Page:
Comrade Jafar Sahari, speaking against this resolution, pointed out that any vote for a Labour MP was a vote for the Labour government, ie, a vote for imperialist war, and that if any Labour MP was genuinely opposed to the war then they would have torn up their membership card long ago. Naturally, given the composition of the audience, the point was not an entirely popular one, and the CPGB-ML delegates were the only ones who voted against the motion. When you're in a minority amongst social democrats, the chances are you're taking the revolutionary line!

Support the Iraqi resistance

The major controversy of the conference was over the question of support for the Iraqi resistance. There were four motions (including one proposed by the CPGB-ML) that called unequivocally for victory to the Iraqi resistance. The CPGB-ML motion read as follows:

"This conference calls for the defeat of British and US imperialism in Iraq and gives full support to the courageous resistance of the people of Iraq to the invasion and occupation of their homeland.

"It further instructs the Steering Committee to make 'Victory to the Iraqi resistance' a central campaigning slogan."

Our motion was spoken to by comrade Godfrey Cremer. Comrade Cremer noted that the Coalition's aims are, in the words of StWC Chair Andrew Murray: to end the occupation and bring the troops home. He pointed out that it is the Iraqi resistance that is in the forefront of the fight to achieve these aims, by driving the occupying troops out of their land. Pointing to the march of 2m, which had culminated in nothing more than, perhaps, very slight embarrassment for the British government, he said: "The truth is that the Iraqi resistance is being much more effective than we are. Our challenge is that the British working class has the potential to be so much more effective … The Iraqi resistance is our close ally and we have to call for its victory. We have no option but to support this resolution."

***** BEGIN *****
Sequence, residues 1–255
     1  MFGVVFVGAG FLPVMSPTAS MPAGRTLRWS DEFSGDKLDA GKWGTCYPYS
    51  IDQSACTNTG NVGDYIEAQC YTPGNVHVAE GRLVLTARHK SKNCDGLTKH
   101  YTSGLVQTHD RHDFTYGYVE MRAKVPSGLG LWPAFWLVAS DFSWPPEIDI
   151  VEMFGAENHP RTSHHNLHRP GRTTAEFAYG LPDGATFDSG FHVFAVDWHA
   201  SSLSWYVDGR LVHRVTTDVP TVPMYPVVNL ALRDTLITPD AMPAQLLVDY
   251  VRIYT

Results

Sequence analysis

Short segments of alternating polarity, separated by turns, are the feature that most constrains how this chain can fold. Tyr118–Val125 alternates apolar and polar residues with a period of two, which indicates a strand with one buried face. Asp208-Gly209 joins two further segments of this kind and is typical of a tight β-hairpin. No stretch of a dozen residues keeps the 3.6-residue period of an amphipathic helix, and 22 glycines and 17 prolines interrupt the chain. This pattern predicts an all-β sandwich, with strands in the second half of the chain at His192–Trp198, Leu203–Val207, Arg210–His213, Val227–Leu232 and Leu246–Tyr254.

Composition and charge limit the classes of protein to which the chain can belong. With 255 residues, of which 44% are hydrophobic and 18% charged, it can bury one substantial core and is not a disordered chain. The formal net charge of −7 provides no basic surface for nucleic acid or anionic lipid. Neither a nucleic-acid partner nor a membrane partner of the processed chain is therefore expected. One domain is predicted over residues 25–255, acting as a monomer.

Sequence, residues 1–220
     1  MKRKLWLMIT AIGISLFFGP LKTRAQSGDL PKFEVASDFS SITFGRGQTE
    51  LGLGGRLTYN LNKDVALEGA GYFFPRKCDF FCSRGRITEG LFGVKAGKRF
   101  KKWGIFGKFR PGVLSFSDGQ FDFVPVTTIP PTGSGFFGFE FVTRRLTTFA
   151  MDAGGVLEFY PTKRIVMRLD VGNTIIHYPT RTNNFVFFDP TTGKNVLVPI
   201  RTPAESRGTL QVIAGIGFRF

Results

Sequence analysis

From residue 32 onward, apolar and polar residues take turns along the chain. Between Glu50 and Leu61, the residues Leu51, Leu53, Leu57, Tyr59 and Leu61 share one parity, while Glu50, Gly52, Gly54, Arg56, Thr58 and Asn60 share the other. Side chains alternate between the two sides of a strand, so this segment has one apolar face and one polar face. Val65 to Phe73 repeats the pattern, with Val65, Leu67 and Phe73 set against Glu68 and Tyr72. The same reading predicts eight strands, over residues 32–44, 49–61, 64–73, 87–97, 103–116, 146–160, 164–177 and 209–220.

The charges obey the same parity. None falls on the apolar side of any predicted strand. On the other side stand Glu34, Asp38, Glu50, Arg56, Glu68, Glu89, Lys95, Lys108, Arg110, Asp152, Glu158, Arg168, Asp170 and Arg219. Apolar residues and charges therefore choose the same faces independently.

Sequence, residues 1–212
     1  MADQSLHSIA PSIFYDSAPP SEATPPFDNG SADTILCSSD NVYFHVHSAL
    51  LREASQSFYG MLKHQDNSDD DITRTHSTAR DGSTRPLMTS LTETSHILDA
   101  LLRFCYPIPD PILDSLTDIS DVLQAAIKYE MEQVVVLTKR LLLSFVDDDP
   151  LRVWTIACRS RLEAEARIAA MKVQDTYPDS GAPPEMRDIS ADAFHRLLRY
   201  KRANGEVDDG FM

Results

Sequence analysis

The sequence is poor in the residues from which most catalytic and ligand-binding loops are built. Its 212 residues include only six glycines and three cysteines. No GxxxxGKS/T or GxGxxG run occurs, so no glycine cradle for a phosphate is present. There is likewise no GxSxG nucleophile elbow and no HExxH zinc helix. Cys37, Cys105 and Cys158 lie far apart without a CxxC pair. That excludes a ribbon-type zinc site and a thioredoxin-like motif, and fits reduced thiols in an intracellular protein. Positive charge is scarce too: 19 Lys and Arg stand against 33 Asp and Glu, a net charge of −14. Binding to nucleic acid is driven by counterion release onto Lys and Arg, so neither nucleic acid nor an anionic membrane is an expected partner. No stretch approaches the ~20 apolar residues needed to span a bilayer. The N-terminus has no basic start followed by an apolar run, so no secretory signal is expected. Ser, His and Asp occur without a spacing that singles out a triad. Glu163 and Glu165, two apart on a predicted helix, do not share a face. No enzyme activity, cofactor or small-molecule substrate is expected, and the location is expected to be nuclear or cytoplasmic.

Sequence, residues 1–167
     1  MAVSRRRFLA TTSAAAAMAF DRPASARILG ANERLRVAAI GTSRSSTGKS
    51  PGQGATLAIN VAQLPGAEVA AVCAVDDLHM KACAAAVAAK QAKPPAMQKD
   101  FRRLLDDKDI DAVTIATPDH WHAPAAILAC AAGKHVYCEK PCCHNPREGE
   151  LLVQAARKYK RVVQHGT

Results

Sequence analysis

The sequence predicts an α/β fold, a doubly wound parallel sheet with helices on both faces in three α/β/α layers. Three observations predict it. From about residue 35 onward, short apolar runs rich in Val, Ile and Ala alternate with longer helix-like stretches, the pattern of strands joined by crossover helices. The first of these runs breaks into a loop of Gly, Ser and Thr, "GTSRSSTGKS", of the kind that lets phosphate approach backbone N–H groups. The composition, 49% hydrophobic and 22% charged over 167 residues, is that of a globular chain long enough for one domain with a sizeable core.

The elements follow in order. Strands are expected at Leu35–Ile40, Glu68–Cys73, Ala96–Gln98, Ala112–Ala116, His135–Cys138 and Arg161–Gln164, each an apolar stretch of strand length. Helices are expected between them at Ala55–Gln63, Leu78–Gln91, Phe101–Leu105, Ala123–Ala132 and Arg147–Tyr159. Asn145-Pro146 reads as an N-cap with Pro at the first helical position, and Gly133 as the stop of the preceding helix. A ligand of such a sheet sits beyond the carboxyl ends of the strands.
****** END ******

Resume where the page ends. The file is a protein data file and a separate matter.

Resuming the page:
Comrade Cremer addressed the worries voiced by Andrew Murray and Tony Benn - that by "throwing slogans to the wind" we would be putting people off - by explaining that, if we genuinely want to be effective in stopping the war, we need to stop being worried about the concerns of the pathetic trade union leadership - its destiny inseparably bound up with the imperialist Labour Party - and need to concentrate on getting out and educating people on what we can do to disrupt the war effort.

Summing up, Godfrey answered those who were too sectarian and picky to support the resistance on the basis of it being insufficiently secular for their tastes, or too aggressive. "The key question is: is the resistance fighting effectively against imperialism? The answer is emphatically 'Yes', which means it is on our side and we must support it."